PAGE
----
- The Washington Times - Wednesday, December 27, 2017

Two months ago, Rep. Adam B. Schiff, who is leading the House Democrats’ inquisition of President Trump, said it “still remains to be seen” whether the Trump campaign colluded with Russia in its interference in the 2016 election.

Then on Dec. 10, the congressman from California went in a different direction.

“We do know this,” the ranking Democrat on the House Permanent Select Committee on Intelligence said on CNN, a frequent Schiff host. “The Russians offered help, the campaign accepted help. The Russians gave help and the president made full use of that help, and that is pretty damning, whether it is proof beyond a reasonable doubt of conspiracy or not.”

Whether the Russian hacking and release of thousands of Democratic Party emails amount to acceptance of help for the Trump campaign is up for debate. The emails, and those that WikiLeaks released later from Hillary Clinton campaign chairman John Podesta’s hacked account, were publicly available and reported by many news websites.

But Mr. Schiff’s acknowledgment that collusion “still remains to be seen” shows that nearly a year after the House intelligence panel began its investigation, Democrats are left with a relatively small list of Trump campaign-Russia contacts on which to base a grand conspiracy.

The roster of contacts, some of them apparently innocuous, is a far cry from charges in the infamous Russia-Trump dossier. Paid with funds from the Democratic Party, writer Christopher Steele, a former British spy, told of a supposed “extensive conspiracy between Trump’s campaign team and the Kremlin.”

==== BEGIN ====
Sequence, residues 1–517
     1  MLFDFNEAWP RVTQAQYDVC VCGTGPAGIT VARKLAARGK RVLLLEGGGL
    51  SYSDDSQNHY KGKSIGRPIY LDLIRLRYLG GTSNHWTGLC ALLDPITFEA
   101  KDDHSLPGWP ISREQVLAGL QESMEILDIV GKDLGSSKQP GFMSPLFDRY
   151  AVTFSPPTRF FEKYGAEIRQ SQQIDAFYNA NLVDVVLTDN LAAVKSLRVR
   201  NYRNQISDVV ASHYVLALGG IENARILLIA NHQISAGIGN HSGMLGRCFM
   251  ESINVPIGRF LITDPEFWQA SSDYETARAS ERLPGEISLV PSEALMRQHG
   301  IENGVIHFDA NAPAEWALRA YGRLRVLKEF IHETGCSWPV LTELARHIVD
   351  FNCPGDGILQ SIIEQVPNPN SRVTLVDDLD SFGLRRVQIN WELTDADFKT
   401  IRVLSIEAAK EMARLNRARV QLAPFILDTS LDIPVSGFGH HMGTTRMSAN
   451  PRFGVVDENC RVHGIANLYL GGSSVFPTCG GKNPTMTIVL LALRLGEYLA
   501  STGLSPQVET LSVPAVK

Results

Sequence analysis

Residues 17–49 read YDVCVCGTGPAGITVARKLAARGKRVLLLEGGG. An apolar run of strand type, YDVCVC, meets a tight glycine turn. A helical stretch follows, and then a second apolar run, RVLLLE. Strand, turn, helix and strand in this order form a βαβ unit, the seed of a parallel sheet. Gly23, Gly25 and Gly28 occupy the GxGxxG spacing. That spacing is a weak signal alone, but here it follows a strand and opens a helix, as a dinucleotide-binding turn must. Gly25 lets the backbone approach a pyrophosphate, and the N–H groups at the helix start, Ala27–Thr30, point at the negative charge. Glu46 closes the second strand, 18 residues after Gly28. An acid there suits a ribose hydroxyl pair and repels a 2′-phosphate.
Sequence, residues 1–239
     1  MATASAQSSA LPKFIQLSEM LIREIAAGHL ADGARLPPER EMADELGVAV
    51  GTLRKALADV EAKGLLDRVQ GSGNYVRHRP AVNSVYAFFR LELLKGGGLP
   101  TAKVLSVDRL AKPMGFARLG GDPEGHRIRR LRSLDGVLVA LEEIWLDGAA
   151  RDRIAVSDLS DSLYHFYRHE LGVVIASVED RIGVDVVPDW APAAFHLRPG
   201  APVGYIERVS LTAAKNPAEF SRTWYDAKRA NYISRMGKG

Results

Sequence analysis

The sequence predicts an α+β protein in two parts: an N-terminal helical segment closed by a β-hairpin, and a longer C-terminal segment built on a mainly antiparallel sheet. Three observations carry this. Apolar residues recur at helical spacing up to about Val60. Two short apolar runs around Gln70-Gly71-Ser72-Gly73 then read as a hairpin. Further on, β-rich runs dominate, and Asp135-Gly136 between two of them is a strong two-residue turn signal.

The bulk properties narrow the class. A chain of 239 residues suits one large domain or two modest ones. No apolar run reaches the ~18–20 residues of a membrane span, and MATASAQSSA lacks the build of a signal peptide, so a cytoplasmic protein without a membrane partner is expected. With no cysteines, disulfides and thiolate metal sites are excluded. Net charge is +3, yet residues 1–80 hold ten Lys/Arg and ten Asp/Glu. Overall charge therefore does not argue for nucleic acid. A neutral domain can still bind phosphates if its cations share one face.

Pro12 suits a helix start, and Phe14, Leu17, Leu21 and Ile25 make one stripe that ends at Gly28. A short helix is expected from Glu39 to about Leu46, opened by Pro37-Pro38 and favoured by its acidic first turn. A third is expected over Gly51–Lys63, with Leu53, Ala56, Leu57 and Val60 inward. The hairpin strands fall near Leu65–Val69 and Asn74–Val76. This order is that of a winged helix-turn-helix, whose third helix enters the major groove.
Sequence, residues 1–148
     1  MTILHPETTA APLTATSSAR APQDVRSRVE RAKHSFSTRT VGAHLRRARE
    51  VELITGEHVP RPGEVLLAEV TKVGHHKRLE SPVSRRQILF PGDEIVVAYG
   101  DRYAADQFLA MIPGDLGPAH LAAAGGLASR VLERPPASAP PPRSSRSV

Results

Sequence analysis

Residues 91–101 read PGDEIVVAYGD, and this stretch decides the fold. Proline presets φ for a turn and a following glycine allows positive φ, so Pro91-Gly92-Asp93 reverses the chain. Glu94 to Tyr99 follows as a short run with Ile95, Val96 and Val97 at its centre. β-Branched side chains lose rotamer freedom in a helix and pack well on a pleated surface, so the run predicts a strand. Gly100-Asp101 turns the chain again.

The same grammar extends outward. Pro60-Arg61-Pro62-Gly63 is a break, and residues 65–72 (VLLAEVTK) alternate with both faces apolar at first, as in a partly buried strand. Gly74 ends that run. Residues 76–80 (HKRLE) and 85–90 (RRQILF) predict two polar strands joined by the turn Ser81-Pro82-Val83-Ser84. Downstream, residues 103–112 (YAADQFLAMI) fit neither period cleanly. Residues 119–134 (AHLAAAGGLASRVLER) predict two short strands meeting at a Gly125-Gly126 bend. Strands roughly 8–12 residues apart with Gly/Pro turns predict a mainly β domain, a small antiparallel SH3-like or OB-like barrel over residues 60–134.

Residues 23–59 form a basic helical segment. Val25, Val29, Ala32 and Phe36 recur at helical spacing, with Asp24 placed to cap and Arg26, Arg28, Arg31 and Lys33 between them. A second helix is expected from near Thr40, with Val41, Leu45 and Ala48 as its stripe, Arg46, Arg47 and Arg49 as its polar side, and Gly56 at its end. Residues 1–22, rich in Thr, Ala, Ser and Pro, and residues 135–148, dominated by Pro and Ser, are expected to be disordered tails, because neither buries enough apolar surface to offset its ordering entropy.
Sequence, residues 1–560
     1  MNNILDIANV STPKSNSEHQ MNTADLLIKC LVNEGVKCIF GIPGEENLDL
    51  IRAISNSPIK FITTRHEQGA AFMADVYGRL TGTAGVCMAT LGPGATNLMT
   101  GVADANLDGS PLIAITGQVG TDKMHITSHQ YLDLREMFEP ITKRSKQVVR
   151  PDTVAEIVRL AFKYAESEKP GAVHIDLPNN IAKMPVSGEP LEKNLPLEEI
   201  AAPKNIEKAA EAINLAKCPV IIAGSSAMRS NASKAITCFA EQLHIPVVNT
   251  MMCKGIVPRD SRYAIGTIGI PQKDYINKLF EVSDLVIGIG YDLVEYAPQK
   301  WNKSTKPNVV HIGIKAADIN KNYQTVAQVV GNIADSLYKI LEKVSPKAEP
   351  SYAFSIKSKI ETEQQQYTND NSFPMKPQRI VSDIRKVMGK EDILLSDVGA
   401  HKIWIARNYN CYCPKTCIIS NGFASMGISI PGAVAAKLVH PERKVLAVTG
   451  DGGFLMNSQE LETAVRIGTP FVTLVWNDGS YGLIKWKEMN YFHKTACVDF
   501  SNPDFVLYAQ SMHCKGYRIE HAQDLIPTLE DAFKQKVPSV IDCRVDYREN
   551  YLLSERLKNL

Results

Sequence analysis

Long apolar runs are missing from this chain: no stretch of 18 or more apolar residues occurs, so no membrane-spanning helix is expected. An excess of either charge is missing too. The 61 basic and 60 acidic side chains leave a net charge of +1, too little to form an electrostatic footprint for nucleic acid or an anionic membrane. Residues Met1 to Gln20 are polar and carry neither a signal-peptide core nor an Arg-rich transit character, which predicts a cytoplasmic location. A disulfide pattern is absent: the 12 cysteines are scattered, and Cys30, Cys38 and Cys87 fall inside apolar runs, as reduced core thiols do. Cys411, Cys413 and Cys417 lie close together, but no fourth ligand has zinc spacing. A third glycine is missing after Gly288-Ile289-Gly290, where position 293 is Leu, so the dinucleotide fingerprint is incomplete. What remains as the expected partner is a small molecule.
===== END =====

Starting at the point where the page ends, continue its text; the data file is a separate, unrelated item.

SEE ALSO: FBI says Russia dossier’s collusion charges unsubstantiated

Mr. Schiff embraced the dossier from the moment the committee kicked off a public hearing in March with then-FBI Director James B. Comey and National Security Agency chief Adm. Mike Rogers.

Mr. Schiff eagerly read Mr. Steele’s felony accusations into the record. Those charges remain unproven, the FBI has told congressional investigators, 17 months after it opened a counterintelligence probe that relied on the dossier. Republicans in Congress also say the dossier’s core collusion charges remain unproven.

For example, there has been no public evidence, as claimed by Mr. Steele, that Trump associates and Russian intelligence worked together to hack the Democrats and spread stolen emails.

Mr. Schiff said on ABC News on Oct. 29: “Now, the question we continue to investigate is, was the campaign coordinating in the Russian help? And that still remains to be seen.”

Liberal news media have referred to “numerous” meetings between Russians and the Trump campaign.

Today, the publicly known pre-Election Day Trump-Russia contacts would seem to be small. Some examples:

• George Papadopoulos, a Trump volunteer national security adviser, told the FBI he met with a Kremlin-linked professor in London who promised dirt on Mrs. Clinton. The professor said Moscow owned “thousands” of her emails.

There is no public evidence he produced those emails. Mr. Papadopoulos failed to fulfill his desire for a Trump visit to Moscow.

Mr. Papadopoulos pleaded guilty to lying to the FBI about the date he began as a campaign volunteer. News media have speculated that his cooperation with special counsel Robert Mueller will produce evidence against Trump people.

Former campaign workers have told The Washington Times that if Mr. Papadopoulos was in the middle of a Russian conspiracy, it was news to them.

• Carter Page, another national security volunteer adviser, traveled to Moscow to give a public speech at a university in July 2016. He has acknowledged the trip was ill-timed. He denies the dossier’s charge that he met with two Kremlin figures and discussed bribes and sanctions.